How do we change? Slowly. Bit by bit. By not bolting once. By staying with yourself one time. Do inquiry or be curious about what makes you want to bolt. Is it bolt-worthy?

What you bolted about will still be there after eating, and now you feel bad about eating. So we eat more to avoid the sadness, failure or judgment that comes from overeating. It’s an endless cycle of suffering.

Geneen says we begin to change by having the desire to change. Ask yourself, what do you want your life to be? How do you want to live your days? How we spend our days is how we spend our lives. You have a choice moment to moment.

We’re all ingrained with the fight or flight instinct that shows itself when we’re under duress. The problem when it comes to emotions is that fleeing them is maladaptive. We act like we can’t feel feelings. Turn it around by seeing what you want in a big way from life and keep it close on a daily basis.

I know what I want is to live a life of joy, ease and comfort. That’s not to be confused with a life of laziness — quite the contrary. As Geneen says, it takes effort to be effortless, and that’s what Swell Easy Living is all about.

I want to wake up in the morning and look around my beautifully curated bedroom, step on a carpet free of dirty laundry, and make my family a wholesome, satisfying breakfast. I want to go to work at my job and feel focused and refreshed. I want to come home at night and spend loving, peaceful hours with my family over dinner in a warm and comforting environment.

In a big way, I already have these things. But it’s easy to fall into the trap of procrastination and neglect so that things don’t operate like they should. We often think we’re escaping our responsibilities when we check out, but what we’re really doing is making our lives harder and then we don’t want to check back in.

When we eat to escape, it’s a moment of life left behind. It’s a lost opportunity to be with yourself and to see what’s there when you’re with your feelings and to see what’s beyond the feelings. If you allow yourself to feel sadness, then the sadness may turn into a soft sweet feeling in your chest. When you feel your impatience, that feeling might become bigness or strength, but you won’t know if you keep running away.

Geneen says take baby steps with this at first. Don’t go way past your comfort zone. Go to the edge and be with your emotions once a week or once a day instead of bolting. See what happens when you don’t bolt and you stick around instead.

What about when you’re afraid of facing feelings without food? When do we need therapy?
Geneen gives examples of garden-variety, every day feelings like boredom, sadness, rejection, discomfort. These emotions come up regularly for everybody. Usually when you’re feeling these things, your mind is telling you things that are not true.

You’re working on a story you tell yourself when you invoke these emotions. And then you think, “If I let myself feel this, then this would happen.” We don’t realize we’re telling stories. Sometimes if we’re feeling tired, we’re just tired. Instead we’ll give it meaning, like how put upon we are, or that we might have a life threatening illness. We tell stories when we feel simple sensations.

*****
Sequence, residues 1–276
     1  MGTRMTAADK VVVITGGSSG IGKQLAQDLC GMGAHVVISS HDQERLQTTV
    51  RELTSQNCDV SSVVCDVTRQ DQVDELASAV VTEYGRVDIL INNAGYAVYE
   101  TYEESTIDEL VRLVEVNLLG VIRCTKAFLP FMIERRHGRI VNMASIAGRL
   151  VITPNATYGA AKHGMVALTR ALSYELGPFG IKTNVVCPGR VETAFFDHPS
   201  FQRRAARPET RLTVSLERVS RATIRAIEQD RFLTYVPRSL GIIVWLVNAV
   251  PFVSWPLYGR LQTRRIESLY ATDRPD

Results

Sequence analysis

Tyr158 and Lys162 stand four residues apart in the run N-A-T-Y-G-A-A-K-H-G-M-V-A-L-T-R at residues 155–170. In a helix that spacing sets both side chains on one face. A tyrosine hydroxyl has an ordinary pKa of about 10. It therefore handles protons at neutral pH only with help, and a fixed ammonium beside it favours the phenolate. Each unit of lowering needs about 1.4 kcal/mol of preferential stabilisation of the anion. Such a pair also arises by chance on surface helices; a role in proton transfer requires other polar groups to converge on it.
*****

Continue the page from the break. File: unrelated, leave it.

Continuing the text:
It’s helpful to be able to tell the difference sooner and sooner when you tell yourself stories about feelings. Catch yourself, like when you catch The Voice – sometimes you’re already at the mercy of the story and the melodrama. Sometimes you’re knee-deep in the story and you don’t know it. But the more you question those stories and the more you’re willing to feel sensations and discomfort as it arises, then the more we can separate out the sensation and the story, which diminishes the need to bolt and eat about it.

On the other hand, with trauma, with abuse, with pre-verbal, early, big abuse, then Geneen recommends a therapist. If you’re dealing with trauma or abuse, see a licensed therapist who can be with you as you parse through the feelings, memories and beliefs that arise related to those situations.

While Geneen believes in therapy, she also believes in knowing when you’ve had enough therapy. You can get addicted to fixing yourself and seeing yourself as broken and it becomes a way of life.

Inquiry, the process of being with direct sensations, takes practice and support. Being with trauma and abuse takes a different kind of support with a good therapist.

Can you please clarify last week’s concept of what and who we’re being loyal to?
We’re loyal to ways of being in the world that we learned early in relation to the people we depended on for love. We needed love to survive. Children are loyal to those who love them, even a tiny bit.

These ideas of how we need to behave in order to be loved could be sparked from impressions we were given based on punishment or reward, whether intentional, implied or imagined.

Geneen provides some examples of ideas we get into our heads when we’re little, such as:

  • I need to take myself down so I don’t threaten anyone around me.
  • Being powerful equals being abandoned.